>>with IP 10.1.2.2/24 with a static NAT to 5.174.78.3 it's all OK for the outside. But if ws2 want's to connect to ws1 on the static NAT IP 5.174.78.2 it fails

Put the ws1 address in the hosts file of ws2 with the 10.1.2.x IP address? and vice versa
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Henk van AchterbergSr. Technical ConsultantCommented:
The static NAT I already tried and the reason why it isn't working for me is the following:

If I add an extra webserver (ws2) with IP 10.1.2.2/24 with a static NAT to 5.174.78.3 it's all OK for the outside. But if ws2 want's to connect to ws1 on the static NAT IP 5.174.78.2 it fails.

You can configure NAT on your ASA from dmz to dmz which will translated the 5.174.78.2 to an internal IP address. You should also change your source address to a pool or interface because otherwise the return traffic will not go trough the ASA.
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FlevoictAuthor Commented:
Put the ws1 address in the hosts file of ws2 with the 10.1.2.x IP address? and vice versa

Dear Pete,

I know this an option but only as last resort. And some machines are dedicated applications and we don't have access to the host file.
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FlevoictAuthor Commented:
You can configure NAT on your ASA from dmz to dmz which will translated the 5.174.78.2 to an internal IP address. You should also change your source address to a pool or interface because otherwise the return traffic will not go trough the ASA.

Dear Henk,

Can you give me a more detailed explanation?
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Henk van AchterbergSr. Technical ConsultantCommented:
You want that:

When server-1 (10.1.2.1) wants to communicate with the external IP of server-2 (5.174.78.3) it will send its packets to the ASA.

At the ASA you need to configure a rule like this:

Original interface: dmz
Original source: dmz-network (10.1.2.0/24 I guess)
Original destination: 5.174.78.3
Original Service: any

Translated interface: dmz
Translated source: interface
Translated destination: 10.1.2.2
Translated Service: Original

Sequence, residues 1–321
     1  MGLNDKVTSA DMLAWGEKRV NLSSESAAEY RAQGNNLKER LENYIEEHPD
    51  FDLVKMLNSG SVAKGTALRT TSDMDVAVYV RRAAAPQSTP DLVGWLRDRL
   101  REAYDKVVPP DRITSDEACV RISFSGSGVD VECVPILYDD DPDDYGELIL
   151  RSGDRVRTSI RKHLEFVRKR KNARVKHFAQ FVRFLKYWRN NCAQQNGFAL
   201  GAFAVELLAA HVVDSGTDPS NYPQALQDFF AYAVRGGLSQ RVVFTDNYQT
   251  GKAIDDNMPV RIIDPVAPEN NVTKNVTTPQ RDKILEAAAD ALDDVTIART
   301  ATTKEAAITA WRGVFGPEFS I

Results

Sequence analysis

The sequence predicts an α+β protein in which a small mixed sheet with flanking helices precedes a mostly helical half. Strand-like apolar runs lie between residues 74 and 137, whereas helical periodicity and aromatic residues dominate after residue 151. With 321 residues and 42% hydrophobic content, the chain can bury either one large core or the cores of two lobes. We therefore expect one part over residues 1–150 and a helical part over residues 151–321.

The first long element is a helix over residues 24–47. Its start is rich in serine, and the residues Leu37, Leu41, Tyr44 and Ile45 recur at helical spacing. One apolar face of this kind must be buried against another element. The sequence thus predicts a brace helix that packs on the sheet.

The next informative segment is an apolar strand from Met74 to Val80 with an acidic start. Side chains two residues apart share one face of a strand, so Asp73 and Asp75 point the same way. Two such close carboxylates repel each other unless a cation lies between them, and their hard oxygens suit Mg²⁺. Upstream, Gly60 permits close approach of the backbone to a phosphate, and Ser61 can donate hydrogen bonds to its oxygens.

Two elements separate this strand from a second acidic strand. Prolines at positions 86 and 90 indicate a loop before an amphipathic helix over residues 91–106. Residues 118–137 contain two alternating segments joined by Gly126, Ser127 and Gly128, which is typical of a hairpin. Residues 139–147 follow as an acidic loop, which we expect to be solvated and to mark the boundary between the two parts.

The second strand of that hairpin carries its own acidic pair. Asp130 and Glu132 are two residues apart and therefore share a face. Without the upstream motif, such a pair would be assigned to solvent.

The rule looks like this:

nat (dmz,dmz) source static DMZ-LAN-Network interface destination static SERVER-2-WAN SERVER-2-LAN

Open in new window


With this rule the ASA will translated the destination address to the internal IP of Server-2 and it will change the source to the IP address of the dmz interface. You need to change the source address because if you don't server-2 will send its response directly to server-1. The ASA wants to see all (bidirectional) traffic otherwise it will drop the connections. There is a way to avoid this by using the TCP State Bypass feature if you want to have the response from server-2 to go directly to server-1.

PeteL: It would be great if you could make an article on your website which explains how to use the natted external IP addresses available on the "inside" with this NAT statement!
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FlevoictAuthor Commented:
After a long argue with our provider we now have a routed subnet and we don't have to use nat for the DMZ.
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FlevoictAuthor Commented:
I've requested that this question be closed as follows:

Accepted answer: 0 points for Flevoict's comment #a40111183

for the following reason:

Not a real solution but it works.
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Henk van AchterbergSr. Technical ConsultantCommented:
The solution offered in my posts is a working solution. That you choose for a different solution does not automatically mean our answers are not correct and therefore not rewarded right?
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Henk van AchterbergSr. Technical ConsultantCommented:
I suggest ID: http:#a39820076 to accept as answer.